Once again, SpaceX has audaciously attempted to land a rocket in the middle of the ocean, and once again, something went horribly wrong. Unlike the first two tries earlier this year, this one didn’t make it to the ground, not even close.
Rather, the rocket exploded quite spectacularly in mid-air, 2 minutes and 19 seconds after liftoff. Following 18 successful missions, this is the first Falcon 9 to have failed on its ascent.
Unfortunately, this means the rocket’s Dragon capsule, which was supposed to ferry roughly 4,000 pounds of supplies, 30 student projects and two HoloLens devices to the ISS, seems to have perished as well.
Elon Musk and SpaceX delivered the sad news on Twitter:
“It’s not clear exactly what happened yet, and even exactly at what point the vehicle failed,” Falcon 9 launch control said during livestream of the event moments ago. According to NASA, anomaly teams are putting together data right now using whatever their downrange instruments were able to see, and preparing for a press conference at 12:30 p.m. ET.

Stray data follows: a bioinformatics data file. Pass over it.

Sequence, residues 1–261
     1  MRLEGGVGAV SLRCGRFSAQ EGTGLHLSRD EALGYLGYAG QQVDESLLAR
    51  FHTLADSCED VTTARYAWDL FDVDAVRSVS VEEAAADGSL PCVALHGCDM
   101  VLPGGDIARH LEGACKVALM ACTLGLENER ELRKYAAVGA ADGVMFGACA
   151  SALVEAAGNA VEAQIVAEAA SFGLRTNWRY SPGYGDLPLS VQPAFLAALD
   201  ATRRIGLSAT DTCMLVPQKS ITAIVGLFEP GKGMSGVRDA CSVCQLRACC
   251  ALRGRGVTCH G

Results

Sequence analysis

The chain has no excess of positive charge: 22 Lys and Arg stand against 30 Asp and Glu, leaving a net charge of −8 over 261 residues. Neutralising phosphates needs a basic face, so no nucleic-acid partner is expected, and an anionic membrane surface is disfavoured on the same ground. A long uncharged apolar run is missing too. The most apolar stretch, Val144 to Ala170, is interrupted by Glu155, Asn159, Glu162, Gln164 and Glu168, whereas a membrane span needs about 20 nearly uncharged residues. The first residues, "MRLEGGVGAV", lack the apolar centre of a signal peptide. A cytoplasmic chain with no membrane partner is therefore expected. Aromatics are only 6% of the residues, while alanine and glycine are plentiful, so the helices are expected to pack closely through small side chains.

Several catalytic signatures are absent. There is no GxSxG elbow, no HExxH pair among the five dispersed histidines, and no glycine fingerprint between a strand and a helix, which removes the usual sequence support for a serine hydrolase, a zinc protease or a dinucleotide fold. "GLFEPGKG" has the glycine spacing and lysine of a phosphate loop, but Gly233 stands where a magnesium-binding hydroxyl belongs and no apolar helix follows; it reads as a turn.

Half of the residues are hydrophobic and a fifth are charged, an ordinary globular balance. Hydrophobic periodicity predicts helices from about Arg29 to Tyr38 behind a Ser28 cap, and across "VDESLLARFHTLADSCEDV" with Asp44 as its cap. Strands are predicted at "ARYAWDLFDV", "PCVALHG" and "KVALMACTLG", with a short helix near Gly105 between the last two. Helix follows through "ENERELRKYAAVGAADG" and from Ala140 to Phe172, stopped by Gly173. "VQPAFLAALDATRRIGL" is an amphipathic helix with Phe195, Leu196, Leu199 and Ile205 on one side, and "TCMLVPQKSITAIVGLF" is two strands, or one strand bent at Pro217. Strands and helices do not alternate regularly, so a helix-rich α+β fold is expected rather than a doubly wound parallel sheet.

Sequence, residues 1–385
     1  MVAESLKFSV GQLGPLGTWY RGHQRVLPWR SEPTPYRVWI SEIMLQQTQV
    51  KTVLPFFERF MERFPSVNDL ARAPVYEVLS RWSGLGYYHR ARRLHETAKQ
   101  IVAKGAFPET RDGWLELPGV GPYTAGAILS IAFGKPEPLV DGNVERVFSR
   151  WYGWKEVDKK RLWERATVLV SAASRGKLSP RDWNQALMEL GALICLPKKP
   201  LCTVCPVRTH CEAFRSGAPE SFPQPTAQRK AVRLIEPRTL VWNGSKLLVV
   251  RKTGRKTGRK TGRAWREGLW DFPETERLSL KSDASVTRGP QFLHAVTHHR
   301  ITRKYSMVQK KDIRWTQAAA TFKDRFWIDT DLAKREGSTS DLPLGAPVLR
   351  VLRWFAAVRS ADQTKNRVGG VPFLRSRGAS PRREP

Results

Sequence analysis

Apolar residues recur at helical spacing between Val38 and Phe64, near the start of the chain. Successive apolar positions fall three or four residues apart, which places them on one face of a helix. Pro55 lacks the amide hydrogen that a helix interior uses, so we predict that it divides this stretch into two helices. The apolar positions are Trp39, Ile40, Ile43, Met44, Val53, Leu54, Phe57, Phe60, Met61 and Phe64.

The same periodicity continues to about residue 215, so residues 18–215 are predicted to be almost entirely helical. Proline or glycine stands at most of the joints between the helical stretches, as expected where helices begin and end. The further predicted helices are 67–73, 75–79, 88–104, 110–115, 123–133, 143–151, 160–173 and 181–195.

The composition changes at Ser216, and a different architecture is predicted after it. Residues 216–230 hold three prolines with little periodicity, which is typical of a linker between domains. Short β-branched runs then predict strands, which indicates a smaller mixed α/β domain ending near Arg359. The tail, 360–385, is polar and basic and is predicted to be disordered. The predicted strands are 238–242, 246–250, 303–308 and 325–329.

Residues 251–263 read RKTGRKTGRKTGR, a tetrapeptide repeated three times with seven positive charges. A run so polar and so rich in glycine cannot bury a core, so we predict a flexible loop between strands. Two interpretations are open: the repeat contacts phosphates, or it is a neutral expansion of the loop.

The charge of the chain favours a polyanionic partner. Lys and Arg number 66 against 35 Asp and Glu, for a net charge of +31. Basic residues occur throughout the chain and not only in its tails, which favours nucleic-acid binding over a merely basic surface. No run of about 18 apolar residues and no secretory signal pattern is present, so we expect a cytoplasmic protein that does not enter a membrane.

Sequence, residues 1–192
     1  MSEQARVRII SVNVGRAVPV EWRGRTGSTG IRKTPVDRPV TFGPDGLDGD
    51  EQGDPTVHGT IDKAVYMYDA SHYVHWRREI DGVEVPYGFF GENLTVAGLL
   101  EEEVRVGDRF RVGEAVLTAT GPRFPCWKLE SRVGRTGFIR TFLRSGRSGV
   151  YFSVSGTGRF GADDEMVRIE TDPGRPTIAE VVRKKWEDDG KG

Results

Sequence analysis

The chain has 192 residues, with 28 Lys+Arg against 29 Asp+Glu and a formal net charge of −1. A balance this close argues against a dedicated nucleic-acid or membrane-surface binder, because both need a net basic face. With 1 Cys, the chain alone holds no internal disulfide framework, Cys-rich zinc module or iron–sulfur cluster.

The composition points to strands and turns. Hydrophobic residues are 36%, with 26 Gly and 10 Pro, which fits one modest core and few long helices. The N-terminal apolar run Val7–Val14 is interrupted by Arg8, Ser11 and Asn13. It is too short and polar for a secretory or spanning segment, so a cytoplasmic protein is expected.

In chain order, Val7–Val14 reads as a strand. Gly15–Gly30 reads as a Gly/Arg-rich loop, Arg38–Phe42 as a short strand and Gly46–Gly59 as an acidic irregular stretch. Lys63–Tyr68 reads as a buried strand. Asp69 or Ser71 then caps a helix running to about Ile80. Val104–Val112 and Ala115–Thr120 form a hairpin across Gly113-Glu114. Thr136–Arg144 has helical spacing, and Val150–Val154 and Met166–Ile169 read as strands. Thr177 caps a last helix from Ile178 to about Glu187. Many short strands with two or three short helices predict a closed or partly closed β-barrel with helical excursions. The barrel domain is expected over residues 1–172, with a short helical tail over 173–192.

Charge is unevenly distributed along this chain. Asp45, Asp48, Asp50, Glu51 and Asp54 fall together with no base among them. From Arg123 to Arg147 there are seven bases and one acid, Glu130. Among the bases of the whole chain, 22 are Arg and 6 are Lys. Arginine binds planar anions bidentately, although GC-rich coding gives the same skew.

Meanwhile, astronaut Scott Kelly captured this view from the ISS:
Just remember, guys: Rockets are hard. We’ll update as soon as we learn more.
Update: At a joint press conference this afternoon, officials from NASA and SpaceX stated that the investigation into the failure is ongoing and the root cause remains uncertain. It’s believed that the failure wasn’t a first stage issue, but rather that it probably had to do with an overpressure event in the second stage oxygen tank, as Elon Musk tweeted earlier:
While the loss of the Dragon capsule’s payload—which included filtration beds for water processing and other important space station hardware, in addition to student research projects— is deeply disappointing, NASA reiterates that the astronauts on board the ISS still have plenty of food and water to tide them over until the next resupply run. Furthermore, the space agency says that the manned Soyuz rocket launch scheduled for June 22nd probably won’t be impacted by today’s events. Of course, NASA and SpaceX still have to figure out the root cause of today’s failure and ensure that it doesn’t bleed over into that crewed flight.
“This is a big loss,” said Mike Suffredini, NASA’s international program manager. “I don’t want to underplay that. But as a program, we’ve managed this in a way to keep ourselves healthy, and we’ll pick ourselves up and get on to the next flight.”